The main purpose of a dental crown is to protect and restore the tooth to its natural appearance and function. While traditional crowns are designed to last anyway between 5 to upwards of 20 years, dental crown problems can occur for a number of reasons. If you do encounter dental crown problems, you should contact your dentist as soon as possible to ensure the problem does not get worse.

Below are some of the most common dental problems as well as their remedies.

1. Tooth decay

Decay is arguably the most common problem associated with dental crowns. Dental decay occurs primarily from bad oral hygiene after having a tooth crown implanted. While the crown will remain intact, the tooth below/inside is still vulnerable to decay and if left, can result in other problems, such as gum disease.

  • How to fix decay under a tooth crown: The solution is simple, maintain a good oral hygiene routine. Decay occurs when poor oral hygiene, more specifically, when bacteria is left on the tooth and is not brushed away. If decay has already set, you will need to see a dentist for a filling (if it’s accessible). If the decay is located underneath the crown, your dentist will need to remove the crown, remove the decay and then create a new dental crown – which can be very expensive. 
  • Prevention is better than a cure in almost every context regarding dentistry, keeping on top of your oral hygiene can save you thousands in procedures.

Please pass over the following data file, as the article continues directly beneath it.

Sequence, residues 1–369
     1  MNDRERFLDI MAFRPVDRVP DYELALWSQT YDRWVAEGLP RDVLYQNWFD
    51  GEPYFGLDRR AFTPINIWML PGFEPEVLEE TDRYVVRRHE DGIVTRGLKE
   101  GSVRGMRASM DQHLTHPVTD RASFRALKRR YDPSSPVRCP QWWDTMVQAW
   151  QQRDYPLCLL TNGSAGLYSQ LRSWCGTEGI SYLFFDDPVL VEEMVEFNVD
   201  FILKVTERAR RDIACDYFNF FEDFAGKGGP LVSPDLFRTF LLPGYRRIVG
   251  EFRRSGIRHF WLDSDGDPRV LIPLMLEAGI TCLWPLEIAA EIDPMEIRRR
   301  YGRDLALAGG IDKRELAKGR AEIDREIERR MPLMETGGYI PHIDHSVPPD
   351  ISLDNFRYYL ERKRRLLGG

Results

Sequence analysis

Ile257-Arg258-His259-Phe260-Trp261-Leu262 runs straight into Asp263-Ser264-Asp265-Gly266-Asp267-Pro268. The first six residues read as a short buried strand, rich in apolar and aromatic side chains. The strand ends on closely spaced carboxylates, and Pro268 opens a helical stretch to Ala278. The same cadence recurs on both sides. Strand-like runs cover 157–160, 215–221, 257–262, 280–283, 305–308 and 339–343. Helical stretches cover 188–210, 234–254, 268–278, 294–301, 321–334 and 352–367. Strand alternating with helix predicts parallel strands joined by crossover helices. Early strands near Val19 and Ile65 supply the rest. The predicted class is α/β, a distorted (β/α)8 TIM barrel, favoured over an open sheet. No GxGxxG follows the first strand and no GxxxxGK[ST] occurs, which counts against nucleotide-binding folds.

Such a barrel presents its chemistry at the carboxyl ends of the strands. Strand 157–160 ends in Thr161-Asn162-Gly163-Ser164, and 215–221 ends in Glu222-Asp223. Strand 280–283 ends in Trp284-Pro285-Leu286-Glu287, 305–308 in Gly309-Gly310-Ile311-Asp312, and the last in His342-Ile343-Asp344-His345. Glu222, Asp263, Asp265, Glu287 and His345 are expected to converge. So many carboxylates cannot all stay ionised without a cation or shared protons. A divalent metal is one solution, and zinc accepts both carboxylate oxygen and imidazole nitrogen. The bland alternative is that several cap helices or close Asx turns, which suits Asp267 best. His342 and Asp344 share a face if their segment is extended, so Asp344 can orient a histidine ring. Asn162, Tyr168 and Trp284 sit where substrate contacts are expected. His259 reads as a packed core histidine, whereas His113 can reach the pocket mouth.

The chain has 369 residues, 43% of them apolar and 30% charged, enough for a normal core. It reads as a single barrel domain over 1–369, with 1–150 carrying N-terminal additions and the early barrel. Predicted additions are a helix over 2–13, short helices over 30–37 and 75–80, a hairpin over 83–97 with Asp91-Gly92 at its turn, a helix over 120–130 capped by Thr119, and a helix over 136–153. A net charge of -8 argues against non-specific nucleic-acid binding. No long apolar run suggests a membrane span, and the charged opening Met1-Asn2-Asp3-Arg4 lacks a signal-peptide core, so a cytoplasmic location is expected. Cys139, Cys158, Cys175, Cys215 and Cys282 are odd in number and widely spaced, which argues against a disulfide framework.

2. Poor crown placement

Another common crown problem involves the improper placement of the crown over the affected tooth. In some cases, if the crown has been poorly fitted, it will impact your bite. You may find that when you clench your teeth, your crown is uneven, causing a wonky bite, which can cause discomfort in the future. This problem can only be addressed and fixed by a dentist. Additionally, poor crown placement can also lead to bacteria creeping in and affecting the tooth (like mentioned above), which again can cause comfort and may require costly repair work. 

  • How to fix a badly placed crown: You will need to revisit your dentist so they’re able to assess what additional work is required. Depending on the cause, you may not have to pay for any repairs. However, if the crown has been dislodged through accident or injury, you will likely have to pay for the repairs yourself.

3. Implant failure

Implants can become dislodged and break under certain circumstances, such as accident or injury to the tooth. Crowns can also become loose from eating certain types of foods, such as hard nuts, sweets and chocolate. It’s important that you stay away from these foods for two weeks after your implant to ensure your crown has had enough time to bond to your natural tooth. 

  • How to fix an implant failure: Implants that have become loose will require refitting by your dentist. You will not be able to properly refit your implant yourself and any attempt may make the problem worse. In some cases, your dentist may be able to swiftly refit the implant. However, if the implant is badly damaged or has come off altogether, you may require a completely new crown. 

4. Sensitive teeth

It’s not uncommon for your tooth or surrounding teeth to become sensitive after your dental crown procedure. You may find that eating certain foods and the temperature of food and drink affects the sensitivity of your tooth. 

However, if the sensitivity does not go after the first week or so, there may be another reason. If your dentin is left exposed during the procedure (this happens when your tooth enamel is trimmed away during the crowning process), it may mean your crown is not covering your whole tooth.